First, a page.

18. The conclusion you select should be supported by at least some of the premises. The conclusion does NOT need to address all of the premises. A correct answer may be a mathematical or logical deduction. In this type of question - the entire body of th

19. To help the process of elimination: 1. Write down letters A-E. 2. Evaluate each answer choice and note whether a. It strengthens the conclusion with an S b. it weakens the conclusion with a W c. Is irrelevant to the conclusion with a slash through it

20. Since - Due to - As a result of - Because - Given that - As

21. If you have two claims X & Y - ask yourself which leads to the other. A) 'X - therefore Y'. If this works - Y is the conclusion. B) 'Y - therefore X'. If this works - X is the conclusion. The deduction that takes place last logically in the sequence

22. A category of assumption - cause and effect conclusions; correlation is not causation. - look for an assumption that eliminates an alternate model of causation - you must rule out the causality in the other direction

23. A category of assumption - Reflects opinions or claims and that these are true or that a sequence of events will occur in a way the argument assumes.

24. The main point of the argument - logically supported by the assumptions and premises. In the form of an opinion or claim.

25. 1. Find the assumption. 2. Draw a conclusion. 3. Strengthen the conclusion. 4. Weaken the conclusion. 5. Explain an event or discrepancy. 6. Analyze the argument structure. 7. Evaluate the conclusion. 8. Resolve a problem. 9. Provide an example. 10.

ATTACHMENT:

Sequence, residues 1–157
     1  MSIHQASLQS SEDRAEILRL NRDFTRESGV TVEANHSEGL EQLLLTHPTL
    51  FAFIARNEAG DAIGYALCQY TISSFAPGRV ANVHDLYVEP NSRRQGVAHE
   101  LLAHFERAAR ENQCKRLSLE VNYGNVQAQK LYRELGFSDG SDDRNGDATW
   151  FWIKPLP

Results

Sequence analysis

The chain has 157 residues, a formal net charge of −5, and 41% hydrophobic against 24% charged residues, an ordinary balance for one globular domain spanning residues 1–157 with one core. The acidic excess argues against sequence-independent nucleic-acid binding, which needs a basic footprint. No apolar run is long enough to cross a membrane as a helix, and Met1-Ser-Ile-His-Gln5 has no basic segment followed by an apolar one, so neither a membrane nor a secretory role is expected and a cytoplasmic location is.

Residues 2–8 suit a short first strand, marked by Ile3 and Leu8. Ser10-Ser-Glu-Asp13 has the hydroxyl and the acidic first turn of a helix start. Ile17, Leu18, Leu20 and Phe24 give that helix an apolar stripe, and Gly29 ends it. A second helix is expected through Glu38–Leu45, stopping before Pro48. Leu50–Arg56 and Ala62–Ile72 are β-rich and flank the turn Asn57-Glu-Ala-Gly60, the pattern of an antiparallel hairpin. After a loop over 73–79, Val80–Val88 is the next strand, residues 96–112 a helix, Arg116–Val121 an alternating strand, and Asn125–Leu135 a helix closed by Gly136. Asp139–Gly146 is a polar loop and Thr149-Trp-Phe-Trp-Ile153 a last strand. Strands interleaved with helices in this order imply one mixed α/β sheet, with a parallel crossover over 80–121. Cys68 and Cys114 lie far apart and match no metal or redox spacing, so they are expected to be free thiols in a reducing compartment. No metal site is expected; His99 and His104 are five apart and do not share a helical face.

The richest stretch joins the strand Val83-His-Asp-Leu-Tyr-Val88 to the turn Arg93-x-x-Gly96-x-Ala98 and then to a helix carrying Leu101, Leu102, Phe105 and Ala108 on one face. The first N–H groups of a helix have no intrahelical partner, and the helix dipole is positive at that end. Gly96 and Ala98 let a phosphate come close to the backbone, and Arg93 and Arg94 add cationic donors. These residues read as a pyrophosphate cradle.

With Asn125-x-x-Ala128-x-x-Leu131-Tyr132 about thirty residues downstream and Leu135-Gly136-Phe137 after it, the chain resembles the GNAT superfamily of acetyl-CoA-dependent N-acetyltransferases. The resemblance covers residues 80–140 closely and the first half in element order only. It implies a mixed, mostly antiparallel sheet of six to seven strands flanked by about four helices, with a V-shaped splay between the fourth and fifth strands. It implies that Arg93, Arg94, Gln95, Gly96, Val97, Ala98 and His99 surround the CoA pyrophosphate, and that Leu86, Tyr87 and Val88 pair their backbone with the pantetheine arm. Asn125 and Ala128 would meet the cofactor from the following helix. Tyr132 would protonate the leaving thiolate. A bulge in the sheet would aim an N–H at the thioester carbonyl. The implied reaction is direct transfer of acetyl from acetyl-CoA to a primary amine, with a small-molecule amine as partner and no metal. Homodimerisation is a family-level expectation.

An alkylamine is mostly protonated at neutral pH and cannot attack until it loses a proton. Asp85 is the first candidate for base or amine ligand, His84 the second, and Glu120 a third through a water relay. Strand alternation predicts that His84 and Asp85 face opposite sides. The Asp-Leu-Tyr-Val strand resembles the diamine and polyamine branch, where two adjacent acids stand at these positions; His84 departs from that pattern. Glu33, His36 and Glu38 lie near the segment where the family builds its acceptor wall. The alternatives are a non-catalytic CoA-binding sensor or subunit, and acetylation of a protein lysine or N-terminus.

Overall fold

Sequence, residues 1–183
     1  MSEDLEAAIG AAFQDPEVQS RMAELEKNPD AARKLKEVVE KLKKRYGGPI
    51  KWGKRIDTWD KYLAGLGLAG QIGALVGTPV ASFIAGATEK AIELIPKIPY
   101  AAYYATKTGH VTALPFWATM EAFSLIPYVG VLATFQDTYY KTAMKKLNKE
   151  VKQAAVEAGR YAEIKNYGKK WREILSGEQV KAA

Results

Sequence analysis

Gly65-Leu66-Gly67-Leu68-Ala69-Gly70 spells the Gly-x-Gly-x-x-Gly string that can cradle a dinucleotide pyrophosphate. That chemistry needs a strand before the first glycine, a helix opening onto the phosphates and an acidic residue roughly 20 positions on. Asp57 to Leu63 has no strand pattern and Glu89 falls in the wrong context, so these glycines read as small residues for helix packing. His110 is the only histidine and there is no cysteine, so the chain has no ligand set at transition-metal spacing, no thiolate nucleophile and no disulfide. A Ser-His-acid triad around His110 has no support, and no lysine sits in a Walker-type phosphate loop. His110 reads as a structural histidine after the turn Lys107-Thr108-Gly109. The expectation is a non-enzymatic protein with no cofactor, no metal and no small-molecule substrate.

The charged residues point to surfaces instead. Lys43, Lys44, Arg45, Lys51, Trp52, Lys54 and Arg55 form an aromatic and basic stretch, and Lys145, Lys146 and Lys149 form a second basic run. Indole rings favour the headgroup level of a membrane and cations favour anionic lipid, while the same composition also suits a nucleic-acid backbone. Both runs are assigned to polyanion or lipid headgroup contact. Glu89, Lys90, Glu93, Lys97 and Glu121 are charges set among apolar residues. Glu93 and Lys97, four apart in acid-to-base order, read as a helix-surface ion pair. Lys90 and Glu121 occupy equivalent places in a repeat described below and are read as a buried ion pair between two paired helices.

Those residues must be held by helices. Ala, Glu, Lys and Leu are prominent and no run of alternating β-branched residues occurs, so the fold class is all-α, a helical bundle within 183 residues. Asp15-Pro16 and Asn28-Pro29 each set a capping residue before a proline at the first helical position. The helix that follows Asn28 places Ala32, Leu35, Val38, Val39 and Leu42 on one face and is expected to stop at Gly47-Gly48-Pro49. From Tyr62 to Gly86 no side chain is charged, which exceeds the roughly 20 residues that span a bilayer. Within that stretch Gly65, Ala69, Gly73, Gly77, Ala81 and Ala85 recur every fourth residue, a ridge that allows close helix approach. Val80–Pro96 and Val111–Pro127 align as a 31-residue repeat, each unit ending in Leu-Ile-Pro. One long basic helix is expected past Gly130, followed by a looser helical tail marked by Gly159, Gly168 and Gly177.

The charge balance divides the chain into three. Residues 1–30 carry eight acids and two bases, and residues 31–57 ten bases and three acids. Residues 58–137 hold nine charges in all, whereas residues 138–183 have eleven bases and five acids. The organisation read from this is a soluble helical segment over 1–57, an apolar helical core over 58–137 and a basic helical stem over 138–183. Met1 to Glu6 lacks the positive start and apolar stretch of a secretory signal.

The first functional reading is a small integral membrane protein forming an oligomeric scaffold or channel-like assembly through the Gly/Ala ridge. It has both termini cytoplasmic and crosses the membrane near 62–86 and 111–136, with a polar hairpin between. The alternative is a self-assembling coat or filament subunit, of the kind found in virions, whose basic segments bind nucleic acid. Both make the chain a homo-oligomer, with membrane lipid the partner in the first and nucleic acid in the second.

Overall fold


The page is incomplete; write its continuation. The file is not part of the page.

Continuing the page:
26. Always - only - all >> insert not necessarily or sometimes... Not - Never - none - not one - not once >> at least one - at least once - Some - a few - several >> no - none - Sometimes - on occasion - often >> never - At least - at most - more than -

27. Select a situation that best exemplifies the conclusion

28. Tied to a premise and provides unnecessary information about a premise - if the premise is already a stated fact - it doesn't need support - make sure the answer choice is not simply related to the conclusion but supports it

29. 1. Abbreviate anything you can but don't abbreviate so much that you change or lose the argument. 2. Underline key words - details and boundary words. 3. Use arrows to indicate cause and effect relationships. 4. Identify point of view with a colon to

30. Answers require you to assume at least one piece of information not explicitly presented in the argument.

31. If an argument involves percentages - use real - concrete numbers. The words inference - assertion - prediction and claim are all synonyms for conclusion.

32. 1. Focus on the essential meaning. 2. Use EXTREME shorthand.3. Keep terms the same - try to keep exact wording of key points. 4. Make sure you understand what you are writing.

33. Is a disguised version of a known question type. Once you recognize what type it is - use the standard strategies for that type.

34. Premise + (assumption) = Conclusion

35. 1. Look for the conclusion - often the last sentence of an argument - but sometimes the first. 2. Find the premises that lead to the conclusion - provide ALL the pieces of information written in the argument. - provide evidence that supports or leads